Hawaii: If you like doing things outside, this is your island! There’s hiking. There’s horseback riding. And there’s the Volcano House, you simply must go. It sits at the top of Kilauea, which yes, is still erupting. You can see actual craters, historic lava flows, and steam coming from the vents in the ground. A few years back we took a tour (my father is big on tours) that went to see live lava flow at night. We, the tourists, stood several yards away and watched the lava flow into the ocean, the Hawaiian bus driver/tour guide stayed with the bus. It was a very cool experience but it was dark, we had 1 small flashlight between 3 of us, it was raining, and we had to hike through slippery, uneven lava terrain. But clearly I lived to tell the tale.

Oahu: Now this island is my home away from home. My father–who has been retired for over 20 years–likes to be in the midst of the ‘action’ in Hawaii, so we spend the majority of our time on this island. I often say that Waikiki is like New York City in paradise. NYC is my fave city in the world, so take that statement with the grain of salt. And because of my father and his aforementioned proclivity to want to do all things entertaining, we’ve explored.

  • Pearl HarborI recommend a tour, that way you don’t have to deal with getting tickets and then you can lump in seeing the Mighty Mo and possibly Punchbowl Cemetery. I believe Roberts Stars and Stripes tour is the only one that goes to Punchbowl.
  • Polynesian Cultural CenterI think this is consistently named the #1 tourist attraction on Oahu. It is a neat set up, seeing the different villages representing the Polynesian Islands. The canoe parade is beautiful so get a good spot ahead of time to take pictures.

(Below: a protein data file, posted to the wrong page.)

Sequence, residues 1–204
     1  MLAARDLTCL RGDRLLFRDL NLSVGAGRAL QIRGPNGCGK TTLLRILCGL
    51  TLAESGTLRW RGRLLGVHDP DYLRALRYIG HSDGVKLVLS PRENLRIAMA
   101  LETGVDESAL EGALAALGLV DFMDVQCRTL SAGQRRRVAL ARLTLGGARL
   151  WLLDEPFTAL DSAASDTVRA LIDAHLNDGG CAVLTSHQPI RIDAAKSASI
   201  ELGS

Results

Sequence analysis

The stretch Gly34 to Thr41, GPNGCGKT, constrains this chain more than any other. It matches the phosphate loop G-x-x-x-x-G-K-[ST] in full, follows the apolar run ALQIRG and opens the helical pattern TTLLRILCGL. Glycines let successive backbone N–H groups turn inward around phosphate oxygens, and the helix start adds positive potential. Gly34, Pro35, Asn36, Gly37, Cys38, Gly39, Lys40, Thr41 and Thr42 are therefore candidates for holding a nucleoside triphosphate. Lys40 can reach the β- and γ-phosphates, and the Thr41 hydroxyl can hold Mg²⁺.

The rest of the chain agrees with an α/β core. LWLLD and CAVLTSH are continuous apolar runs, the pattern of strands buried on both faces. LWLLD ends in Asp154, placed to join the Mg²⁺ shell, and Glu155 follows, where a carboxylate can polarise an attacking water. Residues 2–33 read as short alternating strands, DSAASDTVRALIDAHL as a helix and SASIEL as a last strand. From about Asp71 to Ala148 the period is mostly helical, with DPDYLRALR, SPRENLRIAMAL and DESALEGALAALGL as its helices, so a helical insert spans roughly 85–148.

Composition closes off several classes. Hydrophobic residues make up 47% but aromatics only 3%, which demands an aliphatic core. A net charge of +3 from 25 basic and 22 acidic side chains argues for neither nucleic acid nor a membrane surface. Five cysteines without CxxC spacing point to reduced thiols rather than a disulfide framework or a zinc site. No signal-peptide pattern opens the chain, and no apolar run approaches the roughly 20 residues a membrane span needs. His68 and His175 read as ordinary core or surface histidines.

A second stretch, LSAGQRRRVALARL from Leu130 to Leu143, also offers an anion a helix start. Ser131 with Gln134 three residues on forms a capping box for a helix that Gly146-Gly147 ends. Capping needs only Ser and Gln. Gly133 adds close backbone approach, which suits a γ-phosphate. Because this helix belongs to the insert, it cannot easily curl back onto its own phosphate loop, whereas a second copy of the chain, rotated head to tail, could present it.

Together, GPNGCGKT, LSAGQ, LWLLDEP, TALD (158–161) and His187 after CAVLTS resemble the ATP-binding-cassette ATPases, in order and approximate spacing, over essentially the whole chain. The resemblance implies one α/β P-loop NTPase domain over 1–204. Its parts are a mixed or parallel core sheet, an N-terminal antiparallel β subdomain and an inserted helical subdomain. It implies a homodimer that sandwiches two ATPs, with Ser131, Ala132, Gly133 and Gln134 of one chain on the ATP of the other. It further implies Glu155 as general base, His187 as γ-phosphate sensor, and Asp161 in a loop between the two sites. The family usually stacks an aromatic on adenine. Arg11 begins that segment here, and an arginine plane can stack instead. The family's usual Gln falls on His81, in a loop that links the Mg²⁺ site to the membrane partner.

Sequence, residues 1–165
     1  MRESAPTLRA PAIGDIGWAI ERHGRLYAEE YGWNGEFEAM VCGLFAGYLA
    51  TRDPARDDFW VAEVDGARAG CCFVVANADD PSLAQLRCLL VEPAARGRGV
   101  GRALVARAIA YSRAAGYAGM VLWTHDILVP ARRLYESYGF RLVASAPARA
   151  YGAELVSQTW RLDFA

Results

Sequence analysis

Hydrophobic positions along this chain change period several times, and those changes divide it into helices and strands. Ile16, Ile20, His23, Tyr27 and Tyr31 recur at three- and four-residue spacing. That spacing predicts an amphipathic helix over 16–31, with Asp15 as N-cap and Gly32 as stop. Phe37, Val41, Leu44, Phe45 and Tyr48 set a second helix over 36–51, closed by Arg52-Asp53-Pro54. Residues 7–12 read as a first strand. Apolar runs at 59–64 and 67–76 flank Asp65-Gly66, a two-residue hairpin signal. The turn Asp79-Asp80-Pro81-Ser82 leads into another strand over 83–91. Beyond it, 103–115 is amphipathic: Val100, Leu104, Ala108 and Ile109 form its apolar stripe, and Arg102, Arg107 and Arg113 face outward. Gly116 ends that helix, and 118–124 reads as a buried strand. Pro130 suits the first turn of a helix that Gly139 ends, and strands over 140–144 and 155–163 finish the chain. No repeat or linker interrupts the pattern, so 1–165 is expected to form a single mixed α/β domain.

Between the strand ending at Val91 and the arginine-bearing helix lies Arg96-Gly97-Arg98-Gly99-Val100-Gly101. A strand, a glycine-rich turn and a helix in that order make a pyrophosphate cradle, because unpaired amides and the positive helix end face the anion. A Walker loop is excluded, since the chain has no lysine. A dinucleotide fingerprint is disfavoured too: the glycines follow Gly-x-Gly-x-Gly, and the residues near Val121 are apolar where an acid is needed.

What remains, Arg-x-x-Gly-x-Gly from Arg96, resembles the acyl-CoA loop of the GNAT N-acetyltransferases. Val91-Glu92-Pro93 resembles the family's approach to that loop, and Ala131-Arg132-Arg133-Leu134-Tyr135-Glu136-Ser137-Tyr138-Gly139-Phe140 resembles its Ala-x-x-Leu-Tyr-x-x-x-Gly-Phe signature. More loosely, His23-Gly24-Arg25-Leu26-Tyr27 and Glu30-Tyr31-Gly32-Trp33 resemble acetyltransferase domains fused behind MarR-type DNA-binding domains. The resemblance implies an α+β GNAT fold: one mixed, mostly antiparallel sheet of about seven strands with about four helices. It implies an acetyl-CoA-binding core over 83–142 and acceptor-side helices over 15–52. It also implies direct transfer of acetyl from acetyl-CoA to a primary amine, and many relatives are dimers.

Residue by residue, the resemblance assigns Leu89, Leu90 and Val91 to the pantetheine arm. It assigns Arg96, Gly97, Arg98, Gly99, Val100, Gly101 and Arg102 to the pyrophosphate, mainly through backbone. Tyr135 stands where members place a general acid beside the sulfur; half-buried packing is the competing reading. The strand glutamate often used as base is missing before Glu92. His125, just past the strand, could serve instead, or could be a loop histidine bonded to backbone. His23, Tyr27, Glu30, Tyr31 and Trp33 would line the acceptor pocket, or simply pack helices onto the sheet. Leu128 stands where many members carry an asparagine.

• Paradise Cove LuauThe location is gorgeous, food yummy, and drinks delicious. It is somewhat similar to the luau at the Polynesian Cultural Center, but I would recommend Paradise Cove—after all, Kimora Lee Simmons enjoyed it.
  • Navatek Dinner CruiseGreat views of Diamond Head at night and if you go on a Friday, they stay out an extra hour so you can see fireworks on the island from the ship. And the buffet is good.
  • Snorkeling at Hanauma BayPersonally, I hate snorkeling because I can’t breathe through my mouth and I hate stuff on my face, but even I did it. It’s very pretty and was definitely worth it. I think it’s closed on Tuesday’s, but double-check me on that one.
  • Climb Diamond HeadThe views are gorgeous, but the climb is no joke. A lot of switchbacks, 100 steep steps at one point, an iron spiral staircase, and then an opening in a rock wall to climb through. But your pictures will be awesome.
  • Iolani PalaceVery pretty and truly a place to go if you like history. The tours are given by volunteer docent’s and it’s downtown. If you take the trolley, you can hop off at the Aloha Tower and Marketplace and get some good pics at the top of the tower.
  • Red or Blue Line Trolley ToursIf you have a down time kind of day.
  • North Shore–Rent a car, see the surfers at Sunset Beach, eat at a shrimp truck, stop by Ted’s Bakery, and spend the day wandering.

Eat at:

  • The Hula Grille is my favorite restaurant. The purple (taro) mashed potatoes and the oil for the bread are yummy.
  • Duke’s is touristy, but you kind of have to go. The live music is pretty good and it’s on the beach. Plus, their breakfast buffet is AWESOME, so is their salad bar at dinner.
  • Keoni’s for breakfast is a bit of a hidden gem. I love their pancakes and corned beef hash.